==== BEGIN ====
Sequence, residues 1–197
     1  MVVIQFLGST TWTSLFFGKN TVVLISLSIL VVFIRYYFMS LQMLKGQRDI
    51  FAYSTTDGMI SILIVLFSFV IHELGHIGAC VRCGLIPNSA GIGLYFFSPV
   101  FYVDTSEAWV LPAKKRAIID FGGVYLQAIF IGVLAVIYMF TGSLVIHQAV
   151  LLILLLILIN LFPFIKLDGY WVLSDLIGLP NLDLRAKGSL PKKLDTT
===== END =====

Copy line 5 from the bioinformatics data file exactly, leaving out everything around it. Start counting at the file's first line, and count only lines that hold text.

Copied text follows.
   151  LLILLLILIN LFPFIKLDGY WVLSDLIGLP NLDLRAKGSL PKKLDTT